wanted and valued.

6. Anticipate Your Client's Needs & Go Out Of Your Way to Help Them Out

Sometimes this is easier said than done! However, achieving this supreme

level of understanding with your clients will do wonders for your working


7. Honour Your Promises

It's possible this is the most important point in this article. The simple

message: when you promise something, deliver. Clients don't like to be disappointed.

Sometimes, something may not get done, or you might miss a deadline through no

fault of your own. Projects can be late, technology can fail and sub-contractors don't

always deliver on time. In this case a quick apology and assurance it'll be ready ASAP

wouldn't go a miss.

Customer Loyalty
Obtaining a thorough understanding of customer loyalty is a prerequisite for

the execution of the research at hand. For that, the development of customer loyalty

research within the framework of relationship marketing will be presented first, before

different customer loyalty concepts will be introduced. From these concepts, a

definition of customer loyalty for use in this study will be derived, before both

consequences and antecedents of customer loyalty will be portrayed.

Since the beginning of the 1990s, customer loyalty has gained importance both

in relationship marketing research and in business. In business, this can be attributed

to changing market- and competition-environments. Due to a shift from a sellers’ to a

buyers’ market and because of an increasing degree of globalization, most industries

find themselves confronted with new challenges. In a first phase, firms tried to face

these challenges by focusing on their internal processes and organizational structures,

trying to achieve cost reductions by concentrating on internal improvements. A second

phase of external focus followed, where firms directed attention to their customers,

trying to retain existing ones and to win over new ones (churning). Since “acquiring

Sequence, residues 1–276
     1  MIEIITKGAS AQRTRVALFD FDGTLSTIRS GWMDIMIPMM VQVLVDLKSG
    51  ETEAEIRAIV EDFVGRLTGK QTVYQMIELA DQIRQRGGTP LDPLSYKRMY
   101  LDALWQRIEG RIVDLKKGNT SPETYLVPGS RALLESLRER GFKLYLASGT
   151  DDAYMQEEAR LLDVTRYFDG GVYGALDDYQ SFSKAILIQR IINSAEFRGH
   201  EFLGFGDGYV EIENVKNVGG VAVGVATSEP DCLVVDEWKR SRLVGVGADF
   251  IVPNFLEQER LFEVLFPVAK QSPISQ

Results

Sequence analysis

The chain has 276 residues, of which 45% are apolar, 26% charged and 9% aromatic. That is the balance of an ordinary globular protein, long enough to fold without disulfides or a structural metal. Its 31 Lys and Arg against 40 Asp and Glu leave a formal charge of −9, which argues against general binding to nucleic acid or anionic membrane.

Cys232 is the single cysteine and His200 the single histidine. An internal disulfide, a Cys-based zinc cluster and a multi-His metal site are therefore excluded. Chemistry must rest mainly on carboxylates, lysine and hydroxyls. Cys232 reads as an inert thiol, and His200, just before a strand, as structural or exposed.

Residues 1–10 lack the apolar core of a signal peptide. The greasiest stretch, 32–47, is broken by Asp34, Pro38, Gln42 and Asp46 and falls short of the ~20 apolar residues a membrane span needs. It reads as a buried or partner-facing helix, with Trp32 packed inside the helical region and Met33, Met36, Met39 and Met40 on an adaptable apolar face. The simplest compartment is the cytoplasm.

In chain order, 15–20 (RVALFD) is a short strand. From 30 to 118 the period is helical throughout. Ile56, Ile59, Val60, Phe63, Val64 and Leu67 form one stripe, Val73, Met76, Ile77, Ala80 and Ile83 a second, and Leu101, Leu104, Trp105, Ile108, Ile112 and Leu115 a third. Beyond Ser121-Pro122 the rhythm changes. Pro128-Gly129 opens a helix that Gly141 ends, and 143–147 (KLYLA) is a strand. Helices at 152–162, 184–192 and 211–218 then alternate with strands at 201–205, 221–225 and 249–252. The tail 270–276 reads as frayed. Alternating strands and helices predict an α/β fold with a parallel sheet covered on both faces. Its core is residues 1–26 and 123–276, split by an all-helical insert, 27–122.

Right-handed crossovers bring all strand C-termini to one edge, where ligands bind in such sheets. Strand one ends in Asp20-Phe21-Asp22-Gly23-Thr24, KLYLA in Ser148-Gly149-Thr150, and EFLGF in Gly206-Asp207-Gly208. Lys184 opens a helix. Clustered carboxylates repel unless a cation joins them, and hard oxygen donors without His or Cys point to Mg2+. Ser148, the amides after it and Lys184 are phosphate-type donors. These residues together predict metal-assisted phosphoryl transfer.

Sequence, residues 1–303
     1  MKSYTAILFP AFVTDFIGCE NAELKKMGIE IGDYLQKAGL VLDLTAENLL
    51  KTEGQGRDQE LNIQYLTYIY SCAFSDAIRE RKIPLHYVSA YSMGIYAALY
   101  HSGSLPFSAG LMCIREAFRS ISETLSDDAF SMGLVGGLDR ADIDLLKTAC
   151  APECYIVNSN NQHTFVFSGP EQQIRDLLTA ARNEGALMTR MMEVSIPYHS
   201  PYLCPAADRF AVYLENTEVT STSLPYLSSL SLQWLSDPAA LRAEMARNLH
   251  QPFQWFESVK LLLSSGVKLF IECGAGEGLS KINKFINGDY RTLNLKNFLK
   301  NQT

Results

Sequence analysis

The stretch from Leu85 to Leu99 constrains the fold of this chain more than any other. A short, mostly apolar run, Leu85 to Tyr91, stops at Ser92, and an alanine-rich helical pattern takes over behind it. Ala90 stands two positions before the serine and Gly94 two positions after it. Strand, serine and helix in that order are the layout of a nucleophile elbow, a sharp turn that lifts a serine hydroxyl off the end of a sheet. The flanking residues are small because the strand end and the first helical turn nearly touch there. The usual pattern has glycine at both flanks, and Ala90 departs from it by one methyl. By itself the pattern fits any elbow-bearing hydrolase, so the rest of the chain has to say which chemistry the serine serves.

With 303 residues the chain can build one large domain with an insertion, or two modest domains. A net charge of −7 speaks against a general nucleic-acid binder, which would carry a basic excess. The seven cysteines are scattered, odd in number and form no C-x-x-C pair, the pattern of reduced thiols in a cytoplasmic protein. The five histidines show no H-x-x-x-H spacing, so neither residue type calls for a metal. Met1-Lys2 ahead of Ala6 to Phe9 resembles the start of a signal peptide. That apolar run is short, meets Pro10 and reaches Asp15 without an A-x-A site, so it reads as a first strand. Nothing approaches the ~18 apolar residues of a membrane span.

new customers is much more expensive than keeping them”. And “loyal customers are

the bedrock of any business”. A loyal customer base represents a barrier to entry, a

basis for a price premium, time to respond to competitor innovations, and a bulwark

against deleterious price competition. Loyalty is critical to brand volume, is highly

correlated to market share, and can be used as the basis of predicting future market

share; consequently, understanding loyalty appears critical to any meaningful analysis

of marketing strategy.
In marketing research, two trends mark the development of customer loyalty.

While individual transactions initially were in the center of marketing research, the

focus shifted towards analyzing relationships states that the ‘traditional’ marketing

concept of the marketing mix with its ‘4 Ps’, developed in the middle of the last

century, had been the established approach until the 1990s. This approach, how-ever,

focuses solely on transactions, a deficit tackled by the relationship marketing

approach. At the core of it is the study of relationships between buyers and sellers of

goods or services, in contrast to merely examining transactions. An often cited and

comprehensive definition of relationship marketing is provided “Relationship

marketing refers to all marketing activities directed toward establishing, developing,

and maintaining successful relational exchanges.” Therefore, the relationship